Democrats’ Convention Choice Showcases Tension
The decision to hold the 2012 Democratic National Convention in Charlotte, N.C., sent a clear message that Barack Obama’s next presidential campaign is likely to be as ambitious as his last.
Charlotte got the nod over St. Louis, the other frontrunner, as well as finalists Cleveland and Minneapolis-St. Paul.
“This selection should put to rest any notion that the presidential map in 2012 is going to shrink,” a senior Democratic official told Roll Call. “President Obama will be very active in North Carolina and … despite what some have speculated, we are going to go as big in 2012 as we did in 2008 — and that means fighting hard for North Carolina, Virginia and all the states and more that helped elect President Obama in the first place.”
The decision to highlight the South in the president’s nominating convention could signal a broader strategy for his re-election campaign, said Sen. Claire McCaskill (D-Mo.), who said she was “bitterly disappointed” that St. Louis was passed over.
“I think the president and the president’s campaign team have always tried to do things a little differently,” she said. “There has never been a Democratic candidate for president who put a team on the ground in Utah and Idaho, and he did that. So I think to try to go counterintuitive and go into the South for the nominating convention, I understand why that was attractive to the president’s political team.”
In 2008, Obama won North Carolina, a state that had backed GOP nominees in every presidential election since 1976.
But in choosing Charlotte, the Democrats declined to make a visible stand in Missouri, a swing state that Sen. John McCain (R-Ariz.) won in 2008 by fewer than 4,000 votes.
Holding the convention in St. Louis would have given the Show-Me State an economic and political boost in a year when McCaskill faces re-election for the first time. She is considered one of the most vulnerable first-term Democratic Senators; Roll Call Politics rates her race a Tossup.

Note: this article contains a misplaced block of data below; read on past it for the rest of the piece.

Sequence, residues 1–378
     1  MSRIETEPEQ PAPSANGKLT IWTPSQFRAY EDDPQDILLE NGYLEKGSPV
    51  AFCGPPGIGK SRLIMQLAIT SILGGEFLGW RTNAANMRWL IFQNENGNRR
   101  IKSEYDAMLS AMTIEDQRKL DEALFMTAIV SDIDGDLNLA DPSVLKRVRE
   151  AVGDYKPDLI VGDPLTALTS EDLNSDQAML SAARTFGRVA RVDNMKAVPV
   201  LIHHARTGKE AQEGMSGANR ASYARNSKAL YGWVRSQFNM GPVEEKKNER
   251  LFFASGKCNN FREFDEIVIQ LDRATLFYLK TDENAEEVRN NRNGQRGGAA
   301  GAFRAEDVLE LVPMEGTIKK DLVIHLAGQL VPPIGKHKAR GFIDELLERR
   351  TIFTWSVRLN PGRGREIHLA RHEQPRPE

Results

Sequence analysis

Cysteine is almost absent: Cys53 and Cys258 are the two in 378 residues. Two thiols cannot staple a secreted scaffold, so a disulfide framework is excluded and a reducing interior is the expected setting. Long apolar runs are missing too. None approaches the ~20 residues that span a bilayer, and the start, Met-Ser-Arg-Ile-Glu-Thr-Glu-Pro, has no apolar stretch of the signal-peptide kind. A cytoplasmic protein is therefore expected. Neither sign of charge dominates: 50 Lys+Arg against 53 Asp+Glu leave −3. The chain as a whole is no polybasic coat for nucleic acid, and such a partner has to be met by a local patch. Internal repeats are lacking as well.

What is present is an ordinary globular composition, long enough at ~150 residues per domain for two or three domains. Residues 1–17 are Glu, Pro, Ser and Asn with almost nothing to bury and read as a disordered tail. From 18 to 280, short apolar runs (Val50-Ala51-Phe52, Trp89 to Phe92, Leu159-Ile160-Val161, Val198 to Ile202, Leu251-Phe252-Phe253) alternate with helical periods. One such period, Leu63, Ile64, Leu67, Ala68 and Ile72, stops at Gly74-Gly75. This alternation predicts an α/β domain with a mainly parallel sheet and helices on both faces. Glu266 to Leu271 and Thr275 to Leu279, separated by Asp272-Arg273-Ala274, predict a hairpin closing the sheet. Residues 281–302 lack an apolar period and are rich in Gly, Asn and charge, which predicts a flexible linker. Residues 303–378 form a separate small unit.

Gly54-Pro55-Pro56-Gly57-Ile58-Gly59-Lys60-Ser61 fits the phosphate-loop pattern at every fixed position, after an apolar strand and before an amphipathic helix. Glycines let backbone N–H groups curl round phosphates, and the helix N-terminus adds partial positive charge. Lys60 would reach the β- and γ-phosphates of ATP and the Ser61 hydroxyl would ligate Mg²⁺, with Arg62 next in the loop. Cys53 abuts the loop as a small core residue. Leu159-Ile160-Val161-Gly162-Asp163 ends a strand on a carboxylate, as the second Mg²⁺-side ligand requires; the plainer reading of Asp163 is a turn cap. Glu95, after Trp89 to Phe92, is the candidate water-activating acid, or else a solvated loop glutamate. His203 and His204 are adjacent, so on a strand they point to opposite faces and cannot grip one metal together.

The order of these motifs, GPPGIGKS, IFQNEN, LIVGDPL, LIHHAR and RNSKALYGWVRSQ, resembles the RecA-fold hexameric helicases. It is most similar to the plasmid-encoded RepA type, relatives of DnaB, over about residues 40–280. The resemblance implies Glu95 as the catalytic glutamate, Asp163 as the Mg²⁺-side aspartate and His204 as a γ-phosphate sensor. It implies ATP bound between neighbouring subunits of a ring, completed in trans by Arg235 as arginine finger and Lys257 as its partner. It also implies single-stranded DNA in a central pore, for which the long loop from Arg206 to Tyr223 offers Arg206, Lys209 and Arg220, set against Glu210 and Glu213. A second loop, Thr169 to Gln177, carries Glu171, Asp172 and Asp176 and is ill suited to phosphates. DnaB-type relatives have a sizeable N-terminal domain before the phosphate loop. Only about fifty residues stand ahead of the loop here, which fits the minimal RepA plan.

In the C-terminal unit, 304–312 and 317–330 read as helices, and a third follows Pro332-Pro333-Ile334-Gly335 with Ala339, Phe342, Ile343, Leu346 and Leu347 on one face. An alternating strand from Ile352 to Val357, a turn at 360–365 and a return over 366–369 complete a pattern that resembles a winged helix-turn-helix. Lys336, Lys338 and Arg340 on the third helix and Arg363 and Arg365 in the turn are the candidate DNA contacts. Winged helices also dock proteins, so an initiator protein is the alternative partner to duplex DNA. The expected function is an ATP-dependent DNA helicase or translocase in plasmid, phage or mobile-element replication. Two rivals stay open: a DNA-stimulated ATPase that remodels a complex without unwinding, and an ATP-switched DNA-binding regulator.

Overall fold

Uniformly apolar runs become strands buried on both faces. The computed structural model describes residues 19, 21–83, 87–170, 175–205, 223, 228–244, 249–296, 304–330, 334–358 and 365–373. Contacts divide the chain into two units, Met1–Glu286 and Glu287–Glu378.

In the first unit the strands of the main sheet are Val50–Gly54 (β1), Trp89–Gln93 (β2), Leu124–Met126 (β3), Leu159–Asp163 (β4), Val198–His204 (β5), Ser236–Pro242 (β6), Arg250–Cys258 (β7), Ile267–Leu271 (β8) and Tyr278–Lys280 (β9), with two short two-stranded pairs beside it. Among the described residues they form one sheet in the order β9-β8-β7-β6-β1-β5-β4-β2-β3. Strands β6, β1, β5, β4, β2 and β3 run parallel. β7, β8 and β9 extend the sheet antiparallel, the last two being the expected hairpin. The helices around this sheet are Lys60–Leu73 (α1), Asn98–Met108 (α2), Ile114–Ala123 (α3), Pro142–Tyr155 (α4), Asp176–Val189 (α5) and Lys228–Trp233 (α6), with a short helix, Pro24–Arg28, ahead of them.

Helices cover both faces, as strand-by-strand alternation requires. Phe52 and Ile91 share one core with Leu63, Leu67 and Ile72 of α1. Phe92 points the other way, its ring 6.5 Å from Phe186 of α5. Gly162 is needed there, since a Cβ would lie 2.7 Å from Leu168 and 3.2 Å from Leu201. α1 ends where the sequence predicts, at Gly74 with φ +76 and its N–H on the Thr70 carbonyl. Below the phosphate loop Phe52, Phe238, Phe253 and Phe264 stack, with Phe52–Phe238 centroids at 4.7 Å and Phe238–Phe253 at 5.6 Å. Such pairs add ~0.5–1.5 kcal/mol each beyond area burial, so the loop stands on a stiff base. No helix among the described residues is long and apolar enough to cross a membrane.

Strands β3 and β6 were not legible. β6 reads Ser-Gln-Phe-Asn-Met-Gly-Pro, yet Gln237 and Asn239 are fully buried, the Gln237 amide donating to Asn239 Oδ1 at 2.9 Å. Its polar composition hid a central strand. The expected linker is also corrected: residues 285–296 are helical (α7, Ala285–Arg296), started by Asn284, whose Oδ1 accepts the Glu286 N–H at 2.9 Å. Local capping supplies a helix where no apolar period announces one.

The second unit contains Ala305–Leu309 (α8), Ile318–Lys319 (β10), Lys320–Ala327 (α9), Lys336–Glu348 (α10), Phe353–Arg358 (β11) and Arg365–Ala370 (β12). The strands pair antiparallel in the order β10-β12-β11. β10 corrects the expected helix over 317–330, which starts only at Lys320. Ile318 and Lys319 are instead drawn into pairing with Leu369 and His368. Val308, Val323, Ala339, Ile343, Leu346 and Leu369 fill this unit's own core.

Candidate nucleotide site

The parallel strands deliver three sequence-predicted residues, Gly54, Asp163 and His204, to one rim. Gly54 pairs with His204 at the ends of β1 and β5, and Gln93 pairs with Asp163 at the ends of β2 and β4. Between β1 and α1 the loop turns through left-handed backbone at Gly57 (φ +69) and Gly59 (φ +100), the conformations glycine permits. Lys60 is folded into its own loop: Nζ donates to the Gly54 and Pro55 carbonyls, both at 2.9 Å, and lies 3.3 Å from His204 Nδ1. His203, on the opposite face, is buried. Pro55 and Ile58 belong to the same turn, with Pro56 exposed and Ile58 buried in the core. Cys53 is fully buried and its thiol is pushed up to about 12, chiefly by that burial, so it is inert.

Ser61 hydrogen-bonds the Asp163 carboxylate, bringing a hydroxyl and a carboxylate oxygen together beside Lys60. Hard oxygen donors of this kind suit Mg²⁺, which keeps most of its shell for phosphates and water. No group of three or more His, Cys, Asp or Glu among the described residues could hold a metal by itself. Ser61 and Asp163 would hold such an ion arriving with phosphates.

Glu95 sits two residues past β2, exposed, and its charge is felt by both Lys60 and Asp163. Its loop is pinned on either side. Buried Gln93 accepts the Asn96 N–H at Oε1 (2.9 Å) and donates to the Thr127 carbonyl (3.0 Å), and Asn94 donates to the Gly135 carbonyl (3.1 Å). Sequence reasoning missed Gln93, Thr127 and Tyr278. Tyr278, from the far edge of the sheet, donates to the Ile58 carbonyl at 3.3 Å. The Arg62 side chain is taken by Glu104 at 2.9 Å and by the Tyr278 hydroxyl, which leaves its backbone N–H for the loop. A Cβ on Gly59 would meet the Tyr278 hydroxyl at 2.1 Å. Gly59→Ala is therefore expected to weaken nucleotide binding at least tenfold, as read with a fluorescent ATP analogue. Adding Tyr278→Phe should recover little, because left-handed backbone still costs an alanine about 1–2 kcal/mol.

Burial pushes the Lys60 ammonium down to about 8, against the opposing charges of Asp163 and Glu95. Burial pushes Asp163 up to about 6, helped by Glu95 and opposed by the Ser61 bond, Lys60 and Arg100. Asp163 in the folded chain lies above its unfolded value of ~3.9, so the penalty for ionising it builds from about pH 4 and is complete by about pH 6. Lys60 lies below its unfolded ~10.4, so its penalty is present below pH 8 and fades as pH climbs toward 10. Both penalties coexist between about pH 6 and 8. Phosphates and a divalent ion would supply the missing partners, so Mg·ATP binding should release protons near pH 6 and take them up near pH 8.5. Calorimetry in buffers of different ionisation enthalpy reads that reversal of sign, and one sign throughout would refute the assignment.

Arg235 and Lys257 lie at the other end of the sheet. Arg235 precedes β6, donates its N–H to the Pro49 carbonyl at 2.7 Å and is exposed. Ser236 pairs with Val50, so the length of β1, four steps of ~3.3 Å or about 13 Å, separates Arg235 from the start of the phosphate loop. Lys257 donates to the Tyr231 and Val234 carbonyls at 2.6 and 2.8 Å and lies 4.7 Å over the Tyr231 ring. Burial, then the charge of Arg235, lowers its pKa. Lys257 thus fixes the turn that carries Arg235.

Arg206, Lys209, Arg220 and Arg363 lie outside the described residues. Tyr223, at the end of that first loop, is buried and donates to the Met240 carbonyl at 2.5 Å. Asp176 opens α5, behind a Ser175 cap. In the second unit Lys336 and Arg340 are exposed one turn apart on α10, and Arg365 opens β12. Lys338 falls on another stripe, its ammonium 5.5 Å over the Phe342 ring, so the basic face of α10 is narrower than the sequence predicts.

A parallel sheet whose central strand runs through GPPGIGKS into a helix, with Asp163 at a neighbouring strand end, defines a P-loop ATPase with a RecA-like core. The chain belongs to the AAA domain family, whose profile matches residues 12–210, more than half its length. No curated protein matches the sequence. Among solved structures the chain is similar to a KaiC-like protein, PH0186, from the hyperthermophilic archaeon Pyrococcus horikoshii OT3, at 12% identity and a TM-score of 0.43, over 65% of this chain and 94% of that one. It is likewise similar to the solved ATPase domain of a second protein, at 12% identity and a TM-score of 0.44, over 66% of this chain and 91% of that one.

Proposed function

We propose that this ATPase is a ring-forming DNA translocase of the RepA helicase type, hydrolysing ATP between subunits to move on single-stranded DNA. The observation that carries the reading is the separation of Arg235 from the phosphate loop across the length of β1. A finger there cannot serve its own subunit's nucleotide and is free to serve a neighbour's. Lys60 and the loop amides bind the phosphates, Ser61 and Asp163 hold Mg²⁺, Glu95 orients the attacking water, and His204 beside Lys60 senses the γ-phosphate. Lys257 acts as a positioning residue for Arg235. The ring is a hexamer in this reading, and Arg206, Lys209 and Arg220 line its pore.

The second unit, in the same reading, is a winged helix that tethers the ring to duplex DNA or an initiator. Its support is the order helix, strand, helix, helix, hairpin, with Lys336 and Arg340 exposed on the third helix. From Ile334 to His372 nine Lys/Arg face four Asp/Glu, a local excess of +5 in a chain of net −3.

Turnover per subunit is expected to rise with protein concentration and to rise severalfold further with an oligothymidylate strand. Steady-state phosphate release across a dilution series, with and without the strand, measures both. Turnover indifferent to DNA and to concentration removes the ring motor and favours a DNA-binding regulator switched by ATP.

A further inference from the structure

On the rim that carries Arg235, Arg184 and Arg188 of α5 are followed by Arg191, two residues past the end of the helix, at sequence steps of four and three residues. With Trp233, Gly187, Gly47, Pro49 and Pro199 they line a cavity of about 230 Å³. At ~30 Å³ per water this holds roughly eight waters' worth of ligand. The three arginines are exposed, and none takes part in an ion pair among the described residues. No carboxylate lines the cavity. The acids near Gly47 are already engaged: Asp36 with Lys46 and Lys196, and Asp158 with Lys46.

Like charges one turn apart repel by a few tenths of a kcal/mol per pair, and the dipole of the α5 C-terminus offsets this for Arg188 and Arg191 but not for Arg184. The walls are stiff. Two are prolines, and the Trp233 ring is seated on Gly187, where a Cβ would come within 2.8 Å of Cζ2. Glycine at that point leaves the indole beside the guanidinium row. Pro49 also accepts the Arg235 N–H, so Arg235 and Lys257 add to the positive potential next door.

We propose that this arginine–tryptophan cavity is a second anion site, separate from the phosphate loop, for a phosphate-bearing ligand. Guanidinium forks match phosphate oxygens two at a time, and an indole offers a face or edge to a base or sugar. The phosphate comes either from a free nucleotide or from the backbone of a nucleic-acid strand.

McCaskill stressed that a strong showing in the Midwest would be a key factor in Obama’s re-election.
“He’s got to have the Midwest, and I don’t think anybody should interpret this as giving up on the Midwest,” she said. “I don’t think that’s the case. … They’ve decided that the symbolism of going into the South is important. … I think you’ll see the campaign all over the Midwest.”
But the New York Times reported that McCaskill privately was asking for the convention to be held elsewhere because it could complicate her re-election bid. Her office did not rebut the claim when reporters asked and instead repeated that she was disappointed.
Republicans announced in May that they will hold their 2012 convention in Tampa, Fla., a state Obama carried in 2008. The GOP convention will be held the week of Aug. 27. Democrats will hold theirs the week of Sept. 3.
In an e-mail to Democratic National Committee members, Chairman Tim Kaine said he looks forward to gathering in Charlotte next year to renominate Obama and Vice President Joseph Biden “and to help propel them to victory in November 2012.”
“Charlotte is a city marked by its southern charm, warm hospitality, and an ‘up by the bootstraps’ mentality that has propelled the city forward as one of the fastest-growing in the South,” first lady Michelle Obama said in an e-mail to Organizing for America supporters. “And of course, great barbecue.”
McCaskill, an early supporter of Obama’s 2008 presidential run, said she was “very proud” of the St. Louis effort.
“I got worried a few weeks ago when all of a sudden they quit returning my phone calls,” McCaskill said, referring to the DNC. “I think I drove them crazy.”